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French Antitrust Regulator to Charge Nvidia Over Alleged Anti-Competitive Practices

 |  July 1, 2024

 The antitrust regulator in France is poised to charge Nvidia for alleged anti-competitive practices, according to sources with direct knowledge of the matter. This action marks the first time any regulatory body has targeted Nvidia, the global leader in chips for artificial intelligence and computer graphics, over such allegations.

The charges follow dawn raids in September last year within the graphics card sector, which sources confirm specifically targeted Nvidia. These raids were part of a larger investigation into the cloud computing industry, reported Reuters. The escalating demand for Nvidia’s chips, spurred by the release of the generative AI application ChatGPT, has drawn increased regulatory scrutiny on both sides of the Atlantic.

Both the French authority and Nvidia declined to comment on the impending charges. In a regulatory filing last year, Nvidia acknowledged that regulators in the European Union, China, and France had requested information on its graphics cards, reported Reuters.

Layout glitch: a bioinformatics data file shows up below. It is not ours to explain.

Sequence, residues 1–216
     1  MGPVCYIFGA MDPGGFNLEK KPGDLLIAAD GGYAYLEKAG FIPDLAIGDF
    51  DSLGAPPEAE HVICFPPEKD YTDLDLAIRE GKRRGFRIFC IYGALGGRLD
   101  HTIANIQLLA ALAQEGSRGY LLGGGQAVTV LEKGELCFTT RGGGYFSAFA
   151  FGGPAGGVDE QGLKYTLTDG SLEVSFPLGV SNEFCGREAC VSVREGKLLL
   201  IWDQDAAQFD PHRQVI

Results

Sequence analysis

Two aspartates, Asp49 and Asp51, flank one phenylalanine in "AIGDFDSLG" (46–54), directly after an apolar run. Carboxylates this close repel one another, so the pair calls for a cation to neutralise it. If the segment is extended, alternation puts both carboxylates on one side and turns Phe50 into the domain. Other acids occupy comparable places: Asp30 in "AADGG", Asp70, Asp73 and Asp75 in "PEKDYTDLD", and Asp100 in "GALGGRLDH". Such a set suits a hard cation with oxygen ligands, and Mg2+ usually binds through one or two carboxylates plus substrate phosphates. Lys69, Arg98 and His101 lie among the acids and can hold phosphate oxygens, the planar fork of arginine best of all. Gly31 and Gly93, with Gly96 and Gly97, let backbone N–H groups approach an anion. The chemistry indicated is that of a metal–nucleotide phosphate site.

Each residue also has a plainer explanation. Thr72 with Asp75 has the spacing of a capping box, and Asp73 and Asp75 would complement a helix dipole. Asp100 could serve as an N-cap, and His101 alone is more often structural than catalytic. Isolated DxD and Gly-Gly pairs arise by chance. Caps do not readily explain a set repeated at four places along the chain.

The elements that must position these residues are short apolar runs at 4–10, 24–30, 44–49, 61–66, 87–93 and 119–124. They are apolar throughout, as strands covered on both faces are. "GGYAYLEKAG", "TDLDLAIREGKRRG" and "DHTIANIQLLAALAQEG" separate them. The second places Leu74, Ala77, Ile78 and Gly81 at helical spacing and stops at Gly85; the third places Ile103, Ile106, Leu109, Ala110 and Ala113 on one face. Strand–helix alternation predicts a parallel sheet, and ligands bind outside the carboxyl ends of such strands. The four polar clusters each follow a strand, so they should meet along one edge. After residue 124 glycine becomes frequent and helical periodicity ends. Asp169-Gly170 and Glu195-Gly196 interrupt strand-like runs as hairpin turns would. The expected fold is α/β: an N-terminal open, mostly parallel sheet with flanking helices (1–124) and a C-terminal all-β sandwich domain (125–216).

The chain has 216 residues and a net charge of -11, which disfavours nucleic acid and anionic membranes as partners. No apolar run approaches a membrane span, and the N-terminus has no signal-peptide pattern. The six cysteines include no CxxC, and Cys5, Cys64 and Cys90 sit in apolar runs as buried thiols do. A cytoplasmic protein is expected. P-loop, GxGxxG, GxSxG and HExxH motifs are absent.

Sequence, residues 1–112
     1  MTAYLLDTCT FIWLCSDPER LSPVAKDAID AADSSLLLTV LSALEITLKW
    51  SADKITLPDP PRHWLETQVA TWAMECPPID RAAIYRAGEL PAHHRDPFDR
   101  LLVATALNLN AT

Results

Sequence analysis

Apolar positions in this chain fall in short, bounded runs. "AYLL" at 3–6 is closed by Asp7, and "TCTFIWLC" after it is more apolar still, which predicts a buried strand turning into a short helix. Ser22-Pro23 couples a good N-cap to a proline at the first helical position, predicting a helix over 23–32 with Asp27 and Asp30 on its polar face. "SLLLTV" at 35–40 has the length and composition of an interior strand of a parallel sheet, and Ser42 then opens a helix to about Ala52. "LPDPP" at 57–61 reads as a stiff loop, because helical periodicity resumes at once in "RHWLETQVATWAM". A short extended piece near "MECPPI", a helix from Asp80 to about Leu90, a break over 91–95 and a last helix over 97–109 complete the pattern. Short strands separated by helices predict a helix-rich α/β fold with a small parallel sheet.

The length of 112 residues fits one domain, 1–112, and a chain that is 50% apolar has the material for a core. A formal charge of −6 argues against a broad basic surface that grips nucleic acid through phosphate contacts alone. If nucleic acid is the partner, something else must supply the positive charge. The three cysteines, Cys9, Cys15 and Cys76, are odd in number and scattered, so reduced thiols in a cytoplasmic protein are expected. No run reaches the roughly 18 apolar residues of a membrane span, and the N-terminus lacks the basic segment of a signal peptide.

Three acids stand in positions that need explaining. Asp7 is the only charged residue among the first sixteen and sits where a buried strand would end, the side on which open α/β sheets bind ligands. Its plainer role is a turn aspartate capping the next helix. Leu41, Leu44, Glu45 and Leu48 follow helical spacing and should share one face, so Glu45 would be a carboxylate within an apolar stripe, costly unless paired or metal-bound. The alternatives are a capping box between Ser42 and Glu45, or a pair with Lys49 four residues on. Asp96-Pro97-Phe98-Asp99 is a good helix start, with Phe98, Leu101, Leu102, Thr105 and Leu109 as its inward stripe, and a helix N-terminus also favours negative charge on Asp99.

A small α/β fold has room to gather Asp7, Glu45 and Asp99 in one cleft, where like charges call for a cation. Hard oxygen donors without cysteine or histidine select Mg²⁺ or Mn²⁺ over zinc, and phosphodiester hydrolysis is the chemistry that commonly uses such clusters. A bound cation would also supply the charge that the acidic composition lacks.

Related: Nvidia Faces Global Regulatory Scrutiny Amid Antitrust Investigations

The French antitrust watchdog, in a report issued last Friday, expressed concerns about potential abuses by chip providers in the generative AI sector. It specifically highlighted the industry’s reliance on Nvidia’s CUDA chip programming software, the only system fully compatible with the GPUs crucial for accelerated computing. Additionally, the report noted unease regarding Nvidia’s recent investments in AI-focused cloud service providers like CoreWeave.

Companies found in violation of French antitrust laws can face fines up to 10% of their global annual revenue. However, they may also offer concessions to avoid penalties.

Meanwhile, regulatory attention on Nvidia is not confined to Europe. The U.S. Department of Justice is leading an investigation into the company, dividing the task of scrutinizing Big Tech with the Federal Trade Commission, a source familiar with the matter told Reuters.

Source: Reuters